The bill inevitably turned any journalist covering the invasion into a target. Kremlin officials could just decide whom to aim for, prosecute and send behind bars at will. 

Dozhd TV faced a choice between conforming to the Kremlin’s line or being closed down. We decided to temporarily shut our YouTube channel and social media accounts. On March 4 we all resigned during the live stream and left.

The telecast cut to black-and-white footage of a performance of Tchaikovsky’s ballet Swan Lake – the same that all Soviet Union’s TV channels aired after the announcement that the USSR had ceased to exist.

Dozhd TV’s founder, Natalya Sindeeva, said in a statement that “we need to regain energy and strength to exhale and understand how to work further. We really hope that we will return to the air and continue to work”.

The newsroom dissolved and we scattered. I returned home to my native Georgia. 

We were not the only ones. Journalists are leaving Russia in droves as they realise that anything that does not conform to the Kremlin’s line can lead them straight to jail. 

“I miss my life in Moscow terribly, my friends, my home and the job that I was deprived of. It is humiliating, I am not a criminal,” our editor-in-chief Dzyadko told me.

Novaya Gazeta continued to operate until March 28, when it announced that it would stop publishing both online and on paper following two warnings from Roskomnadzor, the state agency supervising communication, IT and media.

It is disheartening. Facebook and Instagram, which were hugely popular in Russia, are blocked as Meta, their parent company, has been declared an extremist organisation. Russian reporters are switching en masse to Telegram and YouTube where they create their own channels.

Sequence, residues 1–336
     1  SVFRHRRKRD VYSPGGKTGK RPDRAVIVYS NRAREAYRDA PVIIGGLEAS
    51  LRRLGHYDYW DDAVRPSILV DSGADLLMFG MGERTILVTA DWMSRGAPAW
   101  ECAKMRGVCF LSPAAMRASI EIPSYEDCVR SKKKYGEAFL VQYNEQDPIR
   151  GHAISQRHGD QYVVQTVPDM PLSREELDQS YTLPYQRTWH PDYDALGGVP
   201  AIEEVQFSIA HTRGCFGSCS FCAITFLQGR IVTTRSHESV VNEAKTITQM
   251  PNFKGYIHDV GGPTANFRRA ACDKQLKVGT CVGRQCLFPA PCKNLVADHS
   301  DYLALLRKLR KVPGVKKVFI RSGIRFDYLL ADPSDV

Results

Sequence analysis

Tikhon and I are among them. From a studio in Tbilisi, we host the Kotrikadze – Dzyadko talk show on You Tube. The platform is also the new cyber home of colleagues like Alexandr Plushev, a journalist who used to produce a highly-rated show on the now-shuttered Ekho of Moscow, and Anna Mongait, the face of Dzhod’s political news who used to host Women on Top, a popular feminist TV show.

Some consider this pivot ineffective as even the most talented journalists cannot take over the functions of an entire editorial office. While this is true, we are definitely able to offer an alternative source of information, a window to the free world. But this won’t last long. It is unlikely that YouTube in Russia has even the slightest chance of surviving.  

The invasion of Ukraine did not come out of nowhere. The war with Georgia in 2008 and the annexation of Crimea in 2014 sent strong enough signals about Putin’s imperialism, but world leaders continued to do business with him. Many thought that a reasonable dialogue was possible, but critical energy resources also drove their decisions. Putin used those revenues not only for the economy, but also to enrich himself and his inner circle of ultra-wealthy elite figures.

The Kremlin created a facade of democracy allowing a handful of independent media outlets to operate and social media to function.But as of end of March 2022, only state television channels remain in Russia. They continue to malign Ukraine, America and NATO. They lie about the war, accusing Ukraine of shelling its own cities. 

In one of the recent prime time broadcasts on Kremlin’s channel Russia 24, some propagandists stated that No War echoes the slogan used on Nazi leaflets.

Now Putin has burned all his bridges. He does not need McDonald's, or Coca-Cola, or yachts in the Mediterranean. What matters is the restoration of the empire and his name in history. His obsession with Ukraine will grow into one with world domination, and along the way, he is ready to pulverize anyone who dares to resist. 

The Ukrainian army is not the only resistance he faces. He is also hindered by the spread of the truth. This why he decided that there was no place for independent journalists in Russia.

Ekaterina Kotrikadze is Dozhd TV’s news director and anchor. Together with Tikhon Dzyadko, she hosts the talk show Kotrikadze Dzyadko on YouTube.

This publication was prepared under the "Amplify, Verify, Engage (AVE) Project" implemented with the financial support of the Ministry of Foreign Affairs, Norway.